42.3 F
New York
Thursday, February 9, 2023
HomeArchiveIndustry Opinions: Cloud-Based Music Services

Industry Opinions: Cloud-Based Music Services

Date:

Related stories

What Would Happen If An AI-Generated Song Wins A Grammy?

When Stanley Kubrick created the massive Hal 2000 computer featured in 2001: A Space Odyssey, he probably never dreamed that Hal could win a Grammy some day.

ATTN: Attorneys. Your New Swimming Pool Is Coming Soon

You think copyright law is a tangled mess? Just wait.

Name That Tune

Creative AI and its Impact on the Music Business, but who's going to get paid?

Music, Money And The Metaverse

Will the metaverse save music?

A Reply: Sir Lucian Grange & The Need For An Evolution Of The Streaming Model – Part 2

So, we last examined Lucian’s statements around lower quality...

This week we look at the executive’s opinion focusing on streaming services views on Cloud Music services al-la Amazon, Google and Apple and what their impact will be on streaming music services.

Steve Purdham, CEO We7.com

“Cloud Based streaming is clearly the future of music listening/watching and the great news is that this will increase the overall consumption of music because its easy and convenient on both on-line and mobile devices.  The digital locker services such as that from Amazon (and eventually Apple) will be prove to be temporary steps to full cloud based subscriptions services which will then be dominated by Apple with Amazon in second place by a long way. But these subscription services will only reach the top 5-10% of music listeners at best, dominated by males over 34, with the ad supported world reaching the vast majority of the mass market basically emulating the traditional music world of cd purchasers vs radio listeners. Both economic structures should be encourage and we7, Apple and Amazons initiatives should be embraced and expanded as it is my belief that this will expand music adoption for the benefit of the total music industry long term.”

Jon Erwin, President- Rhapsody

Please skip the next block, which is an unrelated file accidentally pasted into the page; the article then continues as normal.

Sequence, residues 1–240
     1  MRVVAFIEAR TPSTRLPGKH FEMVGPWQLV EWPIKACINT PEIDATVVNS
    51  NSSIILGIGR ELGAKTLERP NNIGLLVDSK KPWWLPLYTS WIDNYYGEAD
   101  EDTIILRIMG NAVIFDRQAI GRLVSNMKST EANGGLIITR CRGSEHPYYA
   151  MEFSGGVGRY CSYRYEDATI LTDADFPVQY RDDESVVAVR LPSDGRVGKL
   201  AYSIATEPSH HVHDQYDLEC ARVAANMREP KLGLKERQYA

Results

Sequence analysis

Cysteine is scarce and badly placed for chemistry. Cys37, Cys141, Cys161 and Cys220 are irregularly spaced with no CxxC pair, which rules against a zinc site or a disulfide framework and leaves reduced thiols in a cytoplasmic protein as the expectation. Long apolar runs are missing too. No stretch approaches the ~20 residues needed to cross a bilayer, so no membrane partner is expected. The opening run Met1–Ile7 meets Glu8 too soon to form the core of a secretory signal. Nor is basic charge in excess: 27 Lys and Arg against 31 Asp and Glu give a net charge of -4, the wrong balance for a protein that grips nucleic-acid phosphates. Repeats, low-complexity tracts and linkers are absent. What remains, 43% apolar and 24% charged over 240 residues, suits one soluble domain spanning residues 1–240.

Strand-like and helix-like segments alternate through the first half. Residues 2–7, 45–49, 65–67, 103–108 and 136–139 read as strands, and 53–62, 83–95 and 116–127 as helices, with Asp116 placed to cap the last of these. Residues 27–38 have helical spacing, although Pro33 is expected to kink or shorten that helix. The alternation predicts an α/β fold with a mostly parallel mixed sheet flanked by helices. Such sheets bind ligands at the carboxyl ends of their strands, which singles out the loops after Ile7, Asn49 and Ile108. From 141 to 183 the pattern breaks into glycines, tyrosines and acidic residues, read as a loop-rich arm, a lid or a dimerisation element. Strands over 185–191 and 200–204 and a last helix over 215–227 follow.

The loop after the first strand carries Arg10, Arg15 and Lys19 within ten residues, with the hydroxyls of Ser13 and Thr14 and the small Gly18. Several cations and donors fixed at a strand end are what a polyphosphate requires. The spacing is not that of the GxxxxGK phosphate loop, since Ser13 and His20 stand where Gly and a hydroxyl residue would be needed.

“Cloud-based lockers offer a completely different value proposition than on-demand services like Rhapsody.  That said, we believe that efforts by Amazon, Google and Apple that condition music consumers to go to the cloud to access their collections further amplify awareness and acceptance of on-demand music. We believe that these new services will help get more and more people to understand the tremendous value of having total access to their music using the Rhapsody service, which brings your music to you wherever and however you want to enjoy it, while experiencing the joy of music discovery that Rhapsody enables.  Unlike these companies, we’re not just selling downloads and a locker to store them in, we are selling a musical journey that does not require paying a toll of .99 to $1.29 for each stop along the way.”

David Hyman, CEO – MOG

“Cloud based locker services are a stepping-stone for folks looking to get into the cloud music space; it’s a relatively easy thing to build that doesn’t have long development cycles to bring to market. The appeal is somewhat limited given lockers require people to upload what they already own to the cloud in order to then stream it back to themselves, and this does not come without restrictions. Most music lovers have their collections fitting on local storage devices like iPods or mobile phones, so the need isn’t really there for many. However, it’s great to see the market heading in the right direction. MOG is confident that what consumers ultimately want is an all-you- can-eat, on demand music service that offers unlimited listening from essentially everywhere – online, on mobile devices, in the living room and in the car.”



Author

Subscribe

- Never miss a story with notifications

- Gain full access to our premium content

- Browse free from up to 5 devices at once

Latest stories

spot_img

LEAVE A REPLY

Please enter your comment!
Please enter your name here